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Shawnee bypass: GOP lawmakers load 2010 ballot

Shawnee bypass: GOP lawmakers load 2010 ballot

This article first appeared on Newsok.com.

TRUST WOULD LIKE TO NOTE THAT SQ 744 PLANNED ON THE 2010 BALLOT IS AN INITIATIVE THAT TRUST OPPOSES.  SEE OUR LEGISLATIVE GOALS.

The Oklahoman Editorial
Published: April 23, 2009

In January when Senate minority leader Charlie Laster mulled the coming legislative session, he expressed hope that Democrats would play more of a role than merely sustaining the vetoes of his fellow Shawnee native, Gov. Brad Henry. He didn’t mention the Republican majority’s option of overriding vetoes through direct democracy.

The 2010 election is shaping up to offer the most loaded state question ballot since 2004, when citizens weighed in on gay marriage, a state lottery, a tobacco tax increase and other heavy issues. By contrast, 2008’s state question ballot was lackluster.

Henry’s veto of a voter ID bill set the stage for a direct vote on the issue. Already on the ballot is a teacher union’s attempt to require school funding to equal some magical regional average. Other potential state questions include making English the official language of state government, confirmation of workers’ comp judges and limiting legal contingency fees. The latter is leverage against trial bar/Henry resistance to other components of tort reform that won’t go to the ballot.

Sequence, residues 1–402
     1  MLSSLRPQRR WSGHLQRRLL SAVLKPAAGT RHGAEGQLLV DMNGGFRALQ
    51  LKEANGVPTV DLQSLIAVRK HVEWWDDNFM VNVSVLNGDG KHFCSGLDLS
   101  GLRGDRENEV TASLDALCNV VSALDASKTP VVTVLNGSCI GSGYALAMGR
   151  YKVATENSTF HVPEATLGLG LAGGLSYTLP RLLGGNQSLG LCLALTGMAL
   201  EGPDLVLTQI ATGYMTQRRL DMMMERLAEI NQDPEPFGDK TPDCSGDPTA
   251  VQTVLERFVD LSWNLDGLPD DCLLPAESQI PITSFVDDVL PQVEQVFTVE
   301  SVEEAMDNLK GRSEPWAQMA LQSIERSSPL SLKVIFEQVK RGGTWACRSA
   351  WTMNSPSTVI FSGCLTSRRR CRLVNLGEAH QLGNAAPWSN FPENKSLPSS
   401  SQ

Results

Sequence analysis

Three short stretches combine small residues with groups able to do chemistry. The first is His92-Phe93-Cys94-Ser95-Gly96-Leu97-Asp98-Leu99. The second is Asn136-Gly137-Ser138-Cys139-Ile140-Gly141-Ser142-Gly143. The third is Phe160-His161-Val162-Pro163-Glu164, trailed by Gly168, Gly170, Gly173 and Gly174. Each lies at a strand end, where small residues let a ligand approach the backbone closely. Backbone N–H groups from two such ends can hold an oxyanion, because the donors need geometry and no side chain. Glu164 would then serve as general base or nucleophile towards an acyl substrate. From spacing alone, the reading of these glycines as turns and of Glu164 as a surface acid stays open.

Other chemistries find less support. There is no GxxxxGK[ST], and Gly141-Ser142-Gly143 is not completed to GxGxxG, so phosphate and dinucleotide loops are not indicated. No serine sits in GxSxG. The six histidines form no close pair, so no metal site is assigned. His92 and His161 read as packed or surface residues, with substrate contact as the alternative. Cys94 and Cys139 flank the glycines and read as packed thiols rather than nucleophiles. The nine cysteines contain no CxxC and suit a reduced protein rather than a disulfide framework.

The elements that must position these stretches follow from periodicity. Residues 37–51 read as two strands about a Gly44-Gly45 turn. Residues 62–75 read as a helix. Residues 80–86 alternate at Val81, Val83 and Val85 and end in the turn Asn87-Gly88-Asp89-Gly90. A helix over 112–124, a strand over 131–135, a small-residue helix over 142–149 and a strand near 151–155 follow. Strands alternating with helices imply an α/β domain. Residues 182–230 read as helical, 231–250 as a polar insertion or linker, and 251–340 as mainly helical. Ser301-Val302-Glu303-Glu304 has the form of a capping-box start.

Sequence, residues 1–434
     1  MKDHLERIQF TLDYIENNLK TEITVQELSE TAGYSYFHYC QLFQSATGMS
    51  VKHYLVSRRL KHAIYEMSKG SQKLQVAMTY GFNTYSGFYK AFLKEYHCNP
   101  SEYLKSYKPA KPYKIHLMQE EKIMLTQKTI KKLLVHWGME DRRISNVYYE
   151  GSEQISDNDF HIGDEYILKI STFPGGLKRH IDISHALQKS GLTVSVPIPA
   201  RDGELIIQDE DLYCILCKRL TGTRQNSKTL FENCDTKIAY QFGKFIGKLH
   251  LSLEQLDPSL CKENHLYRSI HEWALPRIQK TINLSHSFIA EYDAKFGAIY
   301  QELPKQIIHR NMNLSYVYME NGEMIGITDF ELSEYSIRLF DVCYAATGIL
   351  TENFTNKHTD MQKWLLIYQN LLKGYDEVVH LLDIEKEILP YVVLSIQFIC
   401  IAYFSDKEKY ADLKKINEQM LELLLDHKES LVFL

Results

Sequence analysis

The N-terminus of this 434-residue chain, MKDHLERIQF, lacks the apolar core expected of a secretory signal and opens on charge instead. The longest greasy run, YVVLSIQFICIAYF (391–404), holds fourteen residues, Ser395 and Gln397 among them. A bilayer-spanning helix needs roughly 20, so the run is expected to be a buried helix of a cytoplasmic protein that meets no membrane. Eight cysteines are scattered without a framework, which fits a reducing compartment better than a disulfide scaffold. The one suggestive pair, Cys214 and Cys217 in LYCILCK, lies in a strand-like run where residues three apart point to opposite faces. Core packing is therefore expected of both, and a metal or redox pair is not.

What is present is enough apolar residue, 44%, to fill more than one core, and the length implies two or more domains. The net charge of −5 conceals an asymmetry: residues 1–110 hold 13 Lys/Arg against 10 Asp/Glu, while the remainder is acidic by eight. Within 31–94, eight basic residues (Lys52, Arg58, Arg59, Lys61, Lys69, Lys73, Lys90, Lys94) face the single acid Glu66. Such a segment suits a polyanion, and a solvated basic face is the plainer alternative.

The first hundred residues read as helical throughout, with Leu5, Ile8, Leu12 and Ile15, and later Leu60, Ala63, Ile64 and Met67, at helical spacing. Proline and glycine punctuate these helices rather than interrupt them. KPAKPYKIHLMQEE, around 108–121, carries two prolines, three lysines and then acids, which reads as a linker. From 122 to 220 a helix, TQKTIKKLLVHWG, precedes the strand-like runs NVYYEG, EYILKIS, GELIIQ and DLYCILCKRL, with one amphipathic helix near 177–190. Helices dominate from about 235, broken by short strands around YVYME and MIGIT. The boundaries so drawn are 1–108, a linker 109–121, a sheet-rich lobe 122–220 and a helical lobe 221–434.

Teachers had no trouble turning their initiative petition into a referendum; other advocacy groups haven’t fared well recently with petition drives. Enter the Legislature, which the Republicans now run. If Henry vetoes a cherished bill, overrides are difficult. The state question option essentially bypasses the governor’s office.

Of course this makes people question whether the Legislature is even needed. But Democrats who balk at this have a short memory: It’s exactly what they did to Henry’s Republican predecessor on car tag reform.


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